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When Getting Too Close To Nature Is A Bad Idea

When Getting Too Close To Nature Is A Bad IdeaAs the weather turns warmer, many people are starting to think about summer plans for relaxation and recuperation from the hectic everyday life. In many cases, this includes looking to the outdoors for some peace and quiet, and this can be in the form of hiking, houseboating, camping, and other ways to be in nature. Although some form of survival knowledge is a skill set that is necessary for any of these activities, certain aspects of these talents may need some further development. Plant identification can be integral to ensuring that an outdoor excursion is a pleasant one. While this can include knowing the medicinal and nutritive value of certain vegetation, it should also include knowing which plants to steer clear of. The following are plants that frequently cause harm to people while they are camping, and should be both quickly identified and avoided.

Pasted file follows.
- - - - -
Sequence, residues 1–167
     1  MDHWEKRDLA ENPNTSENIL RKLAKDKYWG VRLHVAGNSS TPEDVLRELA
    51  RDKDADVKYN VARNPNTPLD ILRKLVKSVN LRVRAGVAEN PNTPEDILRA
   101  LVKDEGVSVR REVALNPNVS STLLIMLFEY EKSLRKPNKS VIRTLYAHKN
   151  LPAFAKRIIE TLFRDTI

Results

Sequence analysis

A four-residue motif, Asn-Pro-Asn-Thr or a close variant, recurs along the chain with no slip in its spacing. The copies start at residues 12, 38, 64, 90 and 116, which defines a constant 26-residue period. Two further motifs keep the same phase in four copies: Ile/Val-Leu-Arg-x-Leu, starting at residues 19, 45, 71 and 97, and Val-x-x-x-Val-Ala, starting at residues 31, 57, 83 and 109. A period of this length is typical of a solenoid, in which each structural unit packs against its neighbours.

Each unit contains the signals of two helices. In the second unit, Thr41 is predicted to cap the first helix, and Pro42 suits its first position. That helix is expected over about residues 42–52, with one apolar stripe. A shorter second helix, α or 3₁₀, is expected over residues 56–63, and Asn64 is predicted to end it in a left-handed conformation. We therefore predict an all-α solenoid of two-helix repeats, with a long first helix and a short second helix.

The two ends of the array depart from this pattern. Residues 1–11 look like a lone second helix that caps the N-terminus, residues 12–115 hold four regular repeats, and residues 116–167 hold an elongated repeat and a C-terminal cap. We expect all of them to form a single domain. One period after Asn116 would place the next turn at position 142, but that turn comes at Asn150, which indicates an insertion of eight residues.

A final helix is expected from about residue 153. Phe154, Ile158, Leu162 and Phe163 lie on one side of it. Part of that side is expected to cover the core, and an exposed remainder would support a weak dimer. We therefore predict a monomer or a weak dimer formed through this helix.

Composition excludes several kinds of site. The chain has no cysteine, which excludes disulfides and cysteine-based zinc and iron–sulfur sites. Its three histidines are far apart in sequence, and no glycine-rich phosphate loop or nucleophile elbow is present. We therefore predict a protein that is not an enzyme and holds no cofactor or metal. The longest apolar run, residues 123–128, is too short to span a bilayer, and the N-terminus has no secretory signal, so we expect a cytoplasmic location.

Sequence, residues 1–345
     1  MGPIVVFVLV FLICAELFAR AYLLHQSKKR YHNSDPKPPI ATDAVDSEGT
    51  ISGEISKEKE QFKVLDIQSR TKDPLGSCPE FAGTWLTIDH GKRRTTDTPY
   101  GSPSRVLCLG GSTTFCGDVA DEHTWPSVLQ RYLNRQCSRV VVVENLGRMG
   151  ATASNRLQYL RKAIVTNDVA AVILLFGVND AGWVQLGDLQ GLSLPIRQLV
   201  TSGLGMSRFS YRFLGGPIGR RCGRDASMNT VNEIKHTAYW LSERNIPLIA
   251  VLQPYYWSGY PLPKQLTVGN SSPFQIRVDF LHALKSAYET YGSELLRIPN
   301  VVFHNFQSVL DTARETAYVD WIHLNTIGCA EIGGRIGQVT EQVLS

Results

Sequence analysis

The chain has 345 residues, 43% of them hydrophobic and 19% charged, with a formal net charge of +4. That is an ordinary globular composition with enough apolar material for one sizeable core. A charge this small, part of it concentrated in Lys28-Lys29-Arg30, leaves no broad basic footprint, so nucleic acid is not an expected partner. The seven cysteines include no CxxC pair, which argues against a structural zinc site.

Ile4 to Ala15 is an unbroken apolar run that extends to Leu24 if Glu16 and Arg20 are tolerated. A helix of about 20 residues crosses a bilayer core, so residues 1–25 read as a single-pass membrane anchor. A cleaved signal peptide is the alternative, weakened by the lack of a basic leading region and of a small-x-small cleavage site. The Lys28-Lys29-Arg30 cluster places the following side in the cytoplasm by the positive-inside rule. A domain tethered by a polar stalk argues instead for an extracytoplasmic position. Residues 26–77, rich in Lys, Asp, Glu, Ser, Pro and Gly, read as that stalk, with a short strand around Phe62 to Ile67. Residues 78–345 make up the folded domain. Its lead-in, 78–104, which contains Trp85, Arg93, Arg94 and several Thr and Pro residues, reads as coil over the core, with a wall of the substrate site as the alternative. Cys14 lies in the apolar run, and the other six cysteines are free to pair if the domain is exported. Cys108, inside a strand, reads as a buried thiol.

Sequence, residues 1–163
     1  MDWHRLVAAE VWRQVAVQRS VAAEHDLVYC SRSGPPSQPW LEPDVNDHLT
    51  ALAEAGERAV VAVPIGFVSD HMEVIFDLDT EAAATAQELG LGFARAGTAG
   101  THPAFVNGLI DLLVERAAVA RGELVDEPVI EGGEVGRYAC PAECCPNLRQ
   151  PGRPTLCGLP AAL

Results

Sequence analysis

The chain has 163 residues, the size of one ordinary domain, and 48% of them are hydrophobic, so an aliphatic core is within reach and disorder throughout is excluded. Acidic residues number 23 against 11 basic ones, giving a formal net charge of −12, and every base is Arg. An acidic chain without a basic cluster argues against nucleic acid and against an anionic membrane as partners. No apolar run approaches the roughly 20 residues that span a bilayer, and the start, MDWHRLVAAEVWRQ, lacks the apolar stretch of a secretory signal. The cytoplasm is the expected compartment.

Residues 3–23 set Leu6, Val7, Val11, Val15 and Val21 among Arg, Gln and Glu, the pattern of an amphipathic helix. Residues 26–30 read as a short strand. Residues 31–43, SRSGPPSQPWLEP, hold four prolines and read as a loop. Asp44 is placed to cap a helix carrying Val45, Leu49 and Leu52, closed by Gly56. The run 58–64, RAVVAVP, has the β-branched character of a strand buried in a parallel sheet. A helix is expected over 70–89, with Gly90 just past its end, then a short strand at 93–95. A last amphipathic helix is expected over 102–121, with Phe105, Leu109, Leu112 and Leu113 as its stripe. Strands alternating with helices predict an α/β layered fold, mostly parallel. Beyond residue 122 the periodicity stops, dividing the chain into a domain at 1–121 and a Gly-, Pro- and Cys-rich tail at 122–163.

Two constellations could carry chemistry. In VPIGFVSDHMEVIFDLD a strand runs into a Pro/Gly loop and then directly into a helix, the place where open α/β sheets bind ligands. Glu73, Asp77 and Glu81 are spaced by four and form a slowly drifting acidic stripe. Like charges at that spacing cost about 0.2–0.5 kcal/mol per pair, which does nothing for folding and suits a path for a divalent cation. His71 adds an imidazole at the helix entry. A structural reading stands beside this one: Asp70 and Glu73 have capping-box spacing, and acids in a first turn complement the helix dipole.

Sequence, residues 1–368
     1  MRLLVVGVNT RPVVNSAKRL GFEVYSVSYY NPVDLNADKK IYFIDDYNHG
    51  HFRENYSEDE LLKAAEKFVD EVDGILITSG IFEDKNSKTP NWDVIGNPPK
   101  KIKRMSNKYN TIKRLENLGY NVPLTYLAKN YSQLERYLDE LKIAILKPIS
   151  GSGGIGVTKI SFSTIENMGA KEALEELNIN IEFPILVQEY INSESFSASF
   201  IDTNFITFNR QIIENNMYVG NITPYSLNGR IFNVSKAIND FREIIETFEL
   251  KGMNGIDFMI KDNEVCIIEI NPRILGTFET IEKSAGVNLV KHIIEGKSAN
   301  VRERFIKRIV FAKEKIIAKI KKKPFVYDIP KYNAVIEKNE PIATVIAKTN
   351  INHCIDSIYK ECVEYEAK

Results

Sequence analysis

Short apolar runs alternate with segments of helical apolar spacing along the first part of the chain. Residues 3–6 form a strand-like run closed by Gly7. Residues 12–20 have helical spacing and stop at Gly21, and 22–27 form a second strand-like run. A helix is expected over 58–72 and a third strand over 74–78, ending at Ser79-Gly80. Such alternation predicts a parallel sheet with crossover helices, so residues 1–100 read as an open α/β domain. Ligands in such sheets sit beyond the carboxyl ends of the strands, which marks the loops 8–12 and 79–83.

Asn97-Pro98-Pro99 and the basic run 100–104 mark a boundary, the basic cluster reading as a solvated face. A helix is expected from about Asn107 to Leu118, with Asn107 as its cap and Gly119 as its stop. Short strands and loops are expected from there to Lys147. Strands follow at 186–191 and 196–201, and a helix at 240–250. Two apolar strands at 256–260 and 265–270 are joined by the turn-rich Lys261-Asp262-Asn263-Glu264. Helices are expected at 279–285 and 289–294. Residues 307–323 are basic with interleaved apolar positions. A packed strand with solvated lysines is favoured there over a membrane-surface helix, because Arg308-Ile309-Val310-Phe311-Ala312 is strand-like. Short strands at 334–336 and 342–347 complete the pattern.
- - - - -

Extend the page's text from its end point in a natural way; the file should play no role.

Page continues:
• Poison ivy – one of the most prevalent irritants that can cause skin reactions ranging from mild itch and swelling to a full blown allergic reaction. While it is most commonly identified by it glossy three leaf configuration, poison ivy will also blend in brush, making more difficult to avoid.


    • Poison sumac – this highly toxic plant presents as a tree with teal leaves that also have red veining. While it is often more easily identified, it also presents a larger danger, due to the fact that many campers will accidentally pick up poison sumac deadfall for firewood. Although an immediate contact reaction may not be evident, breathing in the smoke can cause extreme swelling in the throat, nose, and eyes.


    • Amanita mushrooms – these are generally identified by their bright red caps and white spotting, but some forms of amanita range to a solid burgundy color with a pale stalk. These are highly poisonous and should not be eaten, but even touching an amanita can cause the toxins to seep through the skin.


    • Stinging nettle – these are a common nuisance in fields and wooded areas, as the leaves bear nematocysts that are similar to a jelly fish sting. This can cause mild skin irritation, but can be staunched with vinegar or urine that is poured over the affected area.


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